LAS VEGAS — Lego is using its colorful bricks to teach students the power of coding. Lego Education, a wing of the Danish toy company, at the 2016 Consumers Electronics Show released WeDo 2.0, a learning kit that lets users build robots and give them commands using coding.

The kit is intended to teach students about science and technology and comes with 280 pieces of Lego bricks. Those pieces including a smart hub, a motor, and various sensors that elementary-age students can use to create robots capable of roaming around, detecting motion, moving their limbs or playing fun sound effects. WeDo 2.0 also includes an app that children can use to create code that tells their gizmos what to do. 

Using an iPad, an Android device or a computer, students use Lego's colorful icon-based coding tool to build commands that are then relayed to their projects. The coding tool is much simpler than the language-based programming professional software engineers use, but just as with Lego bricks, this coding language can lead to complex and imaginative creations that let students flex their creativity while teaching them the potential of learning to code.

Lego Education Lego Education's WeDo 2.0 learning kit introduces elementary-school students to coding by letting them program their Lego brick robots to perform various actions. Photo: Lego Education

Lego Education uses icons to make sure the coding tool is approachable for young children, but the hope is that after using WeDo 2.0 students "could then go into the more language-based programming," said Hanne Ravn, Lego Education's senior marketing manager.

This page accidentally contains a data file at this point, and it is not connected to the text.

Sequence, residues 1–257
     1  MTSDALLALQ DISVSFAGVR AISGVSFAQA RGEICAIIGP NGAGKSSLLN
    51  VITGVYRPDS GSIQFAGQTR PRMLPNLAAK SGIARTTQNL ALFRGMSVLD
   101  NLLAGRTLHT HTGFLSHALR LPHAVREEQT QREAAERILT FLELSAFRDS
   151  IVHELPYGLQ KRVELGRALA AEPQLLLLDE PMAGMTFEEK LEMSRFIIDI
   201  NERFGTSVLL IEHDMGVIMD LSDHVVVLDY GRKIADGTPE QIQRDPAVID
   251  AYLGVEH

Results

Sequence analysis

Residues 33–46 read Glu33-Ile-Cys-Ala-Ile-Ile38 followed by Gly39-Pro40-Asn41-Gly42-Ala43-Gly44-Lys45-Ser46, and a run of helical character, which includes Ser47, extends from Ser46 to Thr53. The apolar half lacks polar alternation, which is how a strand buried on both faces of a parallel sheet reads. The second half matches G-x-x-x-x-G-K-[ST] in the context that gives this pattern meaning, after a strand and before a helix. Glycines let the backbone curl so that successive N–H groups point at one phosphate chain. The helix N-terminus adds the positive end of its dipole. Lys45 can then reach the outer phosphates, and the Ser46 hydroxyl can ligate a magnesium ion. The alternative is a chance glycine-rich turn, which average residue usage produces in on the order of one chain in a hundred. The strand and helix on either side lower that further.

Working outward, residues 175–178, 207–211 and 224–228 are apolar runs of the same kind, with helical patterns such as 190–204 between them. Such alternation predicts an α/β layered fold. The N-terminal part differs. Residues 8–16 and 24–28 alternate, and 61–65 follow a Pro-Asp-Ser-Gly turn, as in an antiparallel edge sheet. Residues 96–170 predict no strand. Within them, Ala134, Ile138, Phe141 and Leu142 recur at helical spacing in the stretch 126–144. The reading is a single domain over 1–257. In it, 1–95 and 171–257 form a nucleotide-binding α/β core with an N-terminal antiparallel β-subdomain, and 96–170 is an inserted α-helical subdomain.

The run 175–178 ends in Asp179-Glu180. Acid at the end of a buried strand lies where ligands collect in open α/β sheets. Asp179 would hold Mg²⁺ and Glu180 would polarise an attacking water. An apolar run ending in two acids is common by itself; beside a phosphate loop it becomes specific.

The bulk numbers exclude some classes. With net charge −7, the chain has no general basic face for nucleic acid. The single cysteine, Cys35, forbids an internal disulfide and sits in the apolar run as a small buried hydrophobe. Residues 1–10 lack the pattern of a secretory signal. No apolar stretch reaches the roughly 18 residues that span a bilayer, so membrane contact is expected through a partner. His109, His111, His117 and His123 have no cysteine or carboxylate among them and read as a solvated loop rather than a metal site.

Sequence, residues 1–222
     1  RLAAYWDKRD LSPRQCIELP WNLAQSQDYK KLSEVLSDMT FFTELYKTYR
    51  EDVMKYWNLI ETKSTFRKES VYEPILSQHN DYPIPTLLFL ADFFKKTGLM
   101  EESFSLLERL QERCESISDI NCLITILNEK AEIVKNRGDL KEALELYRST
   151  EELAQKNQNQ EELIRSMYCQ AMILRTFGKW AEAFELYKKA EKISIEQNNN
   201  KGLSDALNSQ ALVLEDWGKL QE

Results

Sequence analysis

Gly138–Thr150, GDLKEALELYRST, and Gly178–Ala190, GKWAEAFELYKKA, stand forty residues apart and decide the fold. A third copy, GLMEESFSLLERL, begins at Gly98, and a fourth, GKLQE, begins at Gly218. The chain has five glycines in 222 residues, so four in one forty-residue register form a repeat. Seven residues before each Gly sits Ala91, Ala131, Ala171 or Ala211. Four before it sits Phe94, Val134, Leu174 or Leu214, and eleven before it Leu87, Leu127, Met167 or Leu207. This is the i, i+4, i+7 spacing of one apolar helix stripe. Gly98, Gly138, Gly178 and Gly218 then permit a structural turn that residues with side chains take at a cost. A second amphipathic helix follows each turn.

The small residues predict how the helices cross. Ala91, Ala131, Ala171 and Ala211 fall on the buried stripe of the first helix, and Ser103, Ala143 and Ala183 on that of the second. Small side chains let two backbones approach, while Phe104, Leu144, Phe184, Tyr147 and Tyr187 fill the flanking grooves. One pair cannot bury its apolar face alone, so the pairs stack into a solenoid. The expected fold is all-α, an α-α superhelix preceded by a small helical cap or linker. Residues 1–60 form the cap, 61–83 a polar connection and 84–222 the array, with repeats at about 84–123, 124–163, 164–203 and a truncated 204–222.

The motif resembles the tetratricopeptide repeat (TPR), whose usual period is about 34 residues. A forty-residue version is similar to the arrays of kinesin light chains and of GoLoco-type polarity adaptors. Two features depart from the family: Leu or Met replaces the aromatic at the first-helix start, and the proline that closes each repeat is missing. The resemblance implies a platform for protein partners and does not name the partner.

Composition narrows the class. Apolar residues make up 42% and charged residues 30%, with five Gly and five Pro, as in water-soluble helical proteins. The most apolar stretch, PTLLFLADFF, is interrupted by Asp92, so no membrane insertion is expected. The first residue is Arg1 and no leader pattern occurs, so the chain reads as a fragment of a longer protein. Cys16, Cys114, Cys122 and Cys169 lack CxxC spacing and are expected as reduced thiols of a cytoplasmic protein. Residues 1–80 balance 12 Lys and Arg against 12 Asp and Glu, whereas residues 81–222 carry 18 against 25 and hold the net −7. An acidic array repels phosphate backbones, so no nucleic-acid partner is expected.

This initiaitive by Lego Education comes at a time when coding is becoming a highly-prized skill. More and more top-paying jobs around the world are going to those who can program, and in Silicon Valley, the tech industry is desperately trying to get more women and minorities interested in coding and into the tech talent pipeline.

"The beauty of this is that it builds on the natural curiosity that every kid is born with, no matter if it is boys or girls," Ravn said. "That natural curiosity is so powerful to build on." 

WeDo 2.0 is aimed specifically at teachers and schools but is also available for purchase to anyone, such as parents who want to introduce their kids to coding. The kit, which includes enough parts for two children to play with, went on sale online Tuesday starting at $160. Lego Education also sells kits in bundles at reduced prices per unit. Teachers and schools can pay an additional $290 for the accompanying curriculum pack, which can be installed on an unlimited number of devices.